Simpson’s Fromus Valley is a beautifully preserved wildlife site in a hidden Suffolk valley with meadows, woodland, ancient trees and ponds. Foremost amongst the highlights is the river Fromus, which runs through a wooded gulley cutting a deep gorge out into the meadows, through the length of the Reserve before flowing through Kelsale village, Saxmundham and Sternfield to join the Alde around Snape Watering. Amidst the medieval meadows of this reserve, there are also four intriguing ponds reflecting the historic use of the site, first as a monastic fishery, and later as a Duke’s deer park.
Before Suffolk Flora Trust purchased the land in 2005 the site was not managed for conservation purposes. Since acquiring the land the trust has installed a boundary fence, surrounding the whole reserve, the pastures have been enclosed and a water supply provided. This allows conservation grazing by cattle: to the correct length to allow flora to flourish. Species rich meadows are a priority habitat having declined in the United Kingdom by 97% since the 1950s. The meadows at Simpson’s Fromus Valley are carefully managed to encourage the return of diverse flora and interrelated fauna and hay cutting and grazing is a vital part of that management.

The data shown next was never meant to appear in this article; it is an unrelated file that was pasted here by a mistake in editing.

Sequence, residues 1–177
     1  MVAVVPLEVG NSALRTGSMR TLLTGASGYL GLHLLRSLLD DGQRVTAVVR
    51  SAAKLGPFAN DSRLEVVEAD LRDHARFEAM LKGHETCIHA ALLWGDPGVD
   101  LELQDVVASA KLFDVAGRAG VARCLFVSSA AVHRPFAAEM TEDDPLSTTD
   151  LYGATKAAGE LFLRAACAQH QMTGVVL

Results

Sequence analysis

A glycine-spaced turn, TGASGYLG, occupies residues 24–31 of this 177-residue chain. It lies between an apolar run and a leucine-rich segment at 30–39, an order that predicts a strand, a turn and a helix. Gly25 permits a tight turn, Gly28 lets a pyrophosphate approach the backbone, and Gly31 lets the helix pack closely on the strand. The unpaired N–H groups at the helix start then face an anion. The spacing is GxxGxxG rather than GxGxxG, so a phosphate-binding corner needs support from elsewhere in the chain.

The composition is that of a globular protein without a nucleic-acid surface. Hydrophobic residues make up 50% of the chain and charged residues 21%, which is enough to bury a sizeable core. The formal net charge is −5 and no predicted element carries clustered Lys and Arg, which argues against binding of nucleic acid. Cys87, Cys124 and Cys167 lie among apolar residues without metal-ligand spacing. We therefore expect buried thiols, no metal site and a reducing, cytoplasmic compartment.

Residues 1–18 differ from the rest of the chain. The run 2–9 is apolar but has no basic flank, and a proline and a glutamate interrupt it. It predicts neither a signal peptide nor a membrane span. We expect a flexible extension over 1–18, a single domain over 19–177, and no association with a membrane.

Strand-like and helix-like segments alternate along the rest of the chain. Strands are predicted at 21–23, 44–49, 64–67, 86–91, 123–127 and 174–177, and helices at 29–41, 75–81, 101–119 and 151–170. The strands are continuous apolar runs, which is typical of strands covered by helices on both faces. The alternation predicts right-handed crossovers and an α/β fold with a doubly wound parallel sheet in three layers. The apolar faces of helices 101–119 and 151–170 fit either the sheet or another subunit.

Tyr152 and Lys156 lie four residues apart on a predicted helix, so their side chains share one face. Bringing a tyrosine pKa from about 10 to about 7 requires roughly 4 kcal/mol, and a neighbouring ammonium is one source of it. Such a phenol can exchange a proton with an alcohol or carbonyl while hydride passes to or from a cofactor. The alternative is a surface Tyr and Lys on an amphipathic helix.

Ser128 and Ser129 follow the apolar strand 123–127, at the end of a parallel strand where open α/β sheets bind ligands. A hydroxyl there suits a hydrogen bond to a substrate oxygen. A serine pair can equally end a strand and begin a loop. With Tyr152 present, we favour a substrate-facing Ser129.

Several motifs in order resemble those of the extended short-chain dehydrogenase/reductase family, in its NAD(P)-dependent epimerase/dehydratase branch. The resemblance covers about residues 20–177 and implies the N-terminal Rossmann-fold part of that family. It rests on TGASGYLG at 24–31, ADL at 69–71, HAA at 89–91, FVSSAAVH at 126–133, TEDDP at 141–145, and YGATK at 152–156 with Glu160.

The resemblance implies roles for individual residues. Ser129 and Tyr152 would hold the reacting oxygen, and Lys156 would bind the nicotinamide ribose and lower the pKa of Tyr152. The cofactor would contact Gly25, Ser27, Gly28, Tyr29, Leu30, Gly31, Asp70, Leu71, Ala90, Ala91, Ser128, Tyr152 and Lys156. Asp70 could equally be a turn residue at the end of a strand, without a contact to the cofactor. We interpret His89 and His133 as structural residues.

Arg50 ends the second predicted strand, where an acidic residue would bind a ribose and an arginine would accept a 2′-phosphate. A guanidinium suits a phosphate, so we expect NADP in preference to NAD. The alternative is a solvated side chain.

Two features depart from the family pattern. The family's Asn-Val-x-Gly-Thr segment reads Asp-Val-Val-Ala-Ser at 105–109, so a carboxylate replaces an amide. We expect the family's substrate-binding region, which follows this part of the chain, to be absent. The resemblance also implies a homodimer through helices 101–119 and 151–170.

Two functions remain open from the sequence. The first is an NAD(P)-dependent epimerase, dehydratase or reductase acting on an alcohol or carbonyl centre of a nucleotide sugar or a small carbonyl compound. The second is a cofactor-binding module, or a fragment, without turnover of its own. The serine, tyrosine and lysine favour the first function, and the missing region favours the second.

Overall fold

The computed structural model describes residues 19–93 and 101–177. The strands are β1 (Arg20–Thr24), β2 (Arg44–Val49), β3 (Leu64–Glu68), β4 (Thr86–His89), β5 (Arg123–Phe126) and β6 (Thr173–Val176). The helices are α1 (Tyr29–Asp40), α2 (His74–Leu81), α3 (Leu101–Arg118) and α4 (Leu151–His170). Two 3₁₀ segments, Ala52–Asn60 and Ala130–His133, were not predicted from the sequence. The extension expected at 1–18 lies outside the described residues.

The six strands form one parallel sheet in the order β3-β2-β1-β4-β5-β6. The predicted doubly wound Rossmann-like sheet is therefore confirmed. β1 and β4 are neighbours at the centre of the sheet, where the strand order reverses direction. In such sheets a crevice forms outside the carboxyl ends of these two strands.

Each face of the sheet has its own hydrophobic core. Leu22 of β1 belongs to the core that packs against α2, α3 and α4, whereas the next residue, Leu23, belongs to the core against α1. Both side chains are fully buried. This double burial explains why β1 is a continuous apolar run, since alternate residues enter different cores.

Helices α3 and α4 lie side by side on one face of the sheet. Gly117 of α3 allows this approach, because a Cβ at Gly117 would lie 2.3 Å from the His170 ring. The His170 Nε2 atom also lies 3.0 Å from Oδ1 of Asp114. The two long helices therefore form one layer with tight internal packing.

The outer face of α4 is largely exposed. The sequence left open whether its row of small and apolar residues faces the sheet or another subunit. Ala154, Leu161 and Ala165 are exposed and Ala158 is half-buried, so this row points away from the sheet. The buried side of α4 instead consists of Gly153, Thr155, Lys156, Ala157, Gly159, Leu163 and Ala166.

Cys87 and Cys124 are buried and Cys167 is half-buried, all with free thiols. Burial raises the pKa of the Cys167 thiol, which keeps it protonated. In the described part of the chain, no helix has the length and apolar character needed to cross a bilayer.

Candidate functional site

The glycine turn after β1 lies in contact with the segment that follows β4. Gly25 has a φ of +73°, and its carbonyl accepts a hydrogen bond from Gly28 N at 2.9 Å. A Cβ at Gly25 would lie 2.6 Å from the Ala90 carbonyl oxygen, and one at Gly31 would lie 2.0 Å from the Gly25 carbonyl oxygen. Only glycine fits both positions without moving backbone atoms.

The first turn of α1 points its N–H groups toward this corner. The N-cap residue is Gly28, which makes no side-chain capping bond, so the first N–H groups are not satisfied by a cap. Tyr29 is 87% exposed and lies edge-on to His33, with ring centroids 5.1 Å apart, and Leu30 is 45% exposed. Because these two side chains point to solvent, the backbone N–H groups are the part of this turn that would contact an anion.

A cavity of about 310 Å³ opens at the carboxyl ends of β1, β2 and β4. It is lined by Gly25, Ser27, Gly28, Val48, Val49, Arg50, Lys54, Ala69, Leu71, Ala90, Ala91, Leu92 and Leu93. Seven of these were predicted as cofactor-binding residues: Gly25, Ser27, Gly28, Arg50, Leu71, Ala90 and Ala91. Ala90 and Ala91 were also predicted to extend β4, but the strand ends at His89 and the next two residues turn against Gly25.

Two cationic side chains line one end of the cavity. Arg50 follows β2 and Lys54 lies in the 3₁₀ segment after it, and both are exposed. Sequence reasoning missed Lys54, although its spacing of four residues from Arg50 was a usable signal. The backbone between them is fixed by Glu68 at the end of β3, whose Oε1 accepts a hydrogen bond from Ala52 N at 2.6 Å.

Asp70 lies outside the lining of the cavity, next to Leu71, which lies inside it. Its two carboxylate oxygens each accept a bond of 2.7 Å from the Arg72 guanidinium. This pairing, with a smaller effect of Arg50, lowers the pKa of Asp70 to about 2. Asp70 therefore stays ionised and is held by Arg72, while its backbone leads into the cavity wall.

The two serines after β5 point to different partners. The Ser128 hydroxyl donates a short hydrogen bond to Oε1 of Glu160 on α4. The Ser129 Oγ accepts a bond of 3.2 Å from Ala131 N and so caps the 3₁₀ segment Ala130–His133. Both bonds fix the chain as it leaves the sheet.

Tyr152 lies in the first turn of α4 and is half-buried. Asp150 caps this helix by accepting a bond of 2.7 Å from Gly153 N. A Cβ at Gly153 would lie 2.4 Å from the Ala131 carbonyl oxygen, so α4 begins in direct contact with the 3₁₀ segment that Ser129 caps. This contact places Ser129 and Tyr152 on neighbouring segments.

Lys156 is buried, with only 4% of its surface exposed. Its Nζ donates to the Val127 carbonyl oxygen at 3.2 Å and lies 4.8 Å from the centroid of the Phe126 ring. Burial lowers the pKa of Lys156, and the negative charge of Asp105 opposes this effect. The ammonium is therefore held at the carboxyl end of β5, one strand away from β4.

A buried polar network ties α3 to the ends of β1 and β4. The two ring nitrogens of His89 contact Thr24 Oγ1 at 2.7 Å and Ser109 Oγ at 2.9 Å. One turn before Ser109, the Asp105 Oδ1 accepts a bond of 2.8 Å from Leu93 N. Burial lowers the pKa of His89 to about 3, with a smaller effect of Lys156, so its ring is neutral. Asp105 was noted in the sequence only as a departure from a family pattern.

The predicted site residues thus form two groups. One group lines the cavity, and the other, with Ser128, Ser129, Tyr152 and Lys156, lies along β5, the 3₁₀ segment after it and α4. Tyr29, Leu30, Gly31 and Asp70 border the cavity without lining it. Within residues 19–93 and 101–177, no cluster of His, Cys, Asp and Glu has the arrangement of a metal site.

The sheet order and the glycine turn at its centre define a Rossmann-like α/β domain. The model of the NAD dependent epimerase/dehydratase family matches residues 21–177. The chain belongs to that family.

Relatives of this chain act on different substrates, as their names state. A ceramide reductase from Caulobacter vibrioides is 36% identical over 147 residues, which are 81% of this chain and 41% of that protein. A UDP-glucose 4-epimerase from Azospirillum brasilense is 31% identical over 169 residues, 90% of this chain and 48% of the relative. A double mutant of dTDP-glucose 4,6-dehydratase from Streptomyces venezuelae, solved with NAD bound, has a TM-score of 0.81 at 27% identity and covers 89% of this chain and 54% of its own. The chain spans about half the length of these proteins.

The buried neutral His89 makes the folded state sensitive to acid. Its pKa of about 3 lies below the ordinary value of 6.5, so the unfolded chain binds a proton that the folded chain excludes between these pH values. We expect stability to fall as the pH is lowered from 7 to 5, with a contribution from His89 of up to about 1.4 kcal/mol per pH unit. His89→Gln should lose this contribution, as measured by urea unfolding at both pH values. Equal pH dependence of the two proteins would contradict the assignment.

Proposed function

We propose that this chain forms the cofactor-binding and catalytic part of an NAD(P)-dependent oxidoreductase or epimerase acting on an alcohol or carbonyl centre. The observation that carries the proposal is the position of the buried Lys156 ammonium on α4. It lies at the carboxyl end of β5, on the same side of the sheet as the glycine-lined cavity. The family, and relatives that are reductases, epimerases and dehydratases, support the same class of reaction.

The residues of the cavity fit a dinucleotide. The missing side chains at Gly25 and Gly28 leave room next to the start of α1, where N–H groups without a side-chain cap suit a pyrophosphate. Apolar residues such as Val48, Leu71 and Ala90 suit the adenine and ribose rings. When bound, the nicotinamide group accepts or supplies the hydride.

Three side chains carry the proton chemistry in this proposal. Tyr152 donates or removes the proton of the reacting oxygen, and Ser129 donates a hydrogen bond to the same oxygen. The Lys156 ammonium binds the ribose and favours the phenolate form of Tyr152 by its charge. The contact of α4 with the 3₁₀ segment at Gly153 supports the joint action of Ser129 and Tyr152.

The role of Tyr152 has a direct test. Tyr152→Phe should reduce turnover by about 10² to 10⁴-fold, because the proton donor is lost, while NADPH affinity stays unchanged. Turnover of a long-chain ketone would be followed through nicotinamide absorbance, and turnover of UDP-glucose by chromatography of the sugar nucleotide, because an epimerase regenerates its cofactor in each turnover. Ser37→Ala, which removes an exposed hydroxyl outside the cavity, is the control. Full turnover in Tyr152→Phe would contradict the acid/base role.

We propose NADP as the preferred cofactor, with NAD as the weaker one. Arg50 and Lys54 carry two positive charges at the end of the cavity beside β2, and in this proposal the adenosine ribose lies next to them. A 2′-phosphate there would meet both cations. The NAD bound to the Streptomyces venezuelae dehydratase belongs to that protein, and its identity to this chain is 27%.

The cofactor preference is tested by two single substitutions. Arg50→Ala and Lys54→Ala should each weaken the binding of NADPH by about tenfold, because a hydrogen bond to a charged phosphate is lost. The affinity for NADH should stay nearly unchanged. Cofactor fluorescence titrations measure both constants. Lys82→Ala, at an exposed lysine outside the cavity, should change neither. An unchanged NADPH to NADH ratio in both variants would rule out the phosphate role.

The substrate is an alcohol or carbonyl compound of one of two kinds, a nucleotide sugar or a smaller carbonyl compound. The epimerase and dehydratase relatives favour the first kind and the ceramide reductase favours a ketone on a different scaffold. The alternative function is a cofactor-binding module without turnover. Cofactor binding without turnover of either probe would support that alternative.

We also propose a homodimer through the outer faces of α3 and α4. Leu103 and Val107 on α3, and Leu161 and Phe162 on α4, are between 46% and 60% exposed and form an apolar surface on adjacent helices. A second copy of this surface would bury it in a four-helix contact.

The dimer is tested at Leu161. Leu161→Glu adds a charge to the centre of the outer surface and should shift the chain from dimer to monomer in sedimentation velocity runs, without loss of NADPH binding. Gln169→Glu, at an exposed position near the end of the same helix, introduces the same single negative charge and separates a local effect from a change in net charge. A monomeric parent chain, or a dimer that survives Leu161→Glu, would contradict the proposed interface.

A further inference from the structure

The 27 acres at Fromus Valley now support over 50 bird species including endangered species such as bullfinch, yellowhammer and skylark. The site provides a wildlife haven amid intensively farmed arable land attracting high numbers of passing migrant birds in the winter, including fieldfares and redwings and acting as a refuge for resident bird species. A stagnant pond has been de-silted back to its clay base and scrub and trees cleared or coppiced to allow more light into the pond. Interesting emergent and marginal plants such as thread-leaved water crowfoot, branch bur-reed and pink water speedwell are expected to re-colonise. Insect life completes the ecosystem; beetles, flies, four species of dragonfly, bees and butterflies abound.
☞ To provide protection to sensitive flora, the gates to both reserves are normally locked, and the reserves are closed to unauthorised visitors.
Each site is open two or three mornings a year, when members of the public are welcome. Visit our Open Days page for more information.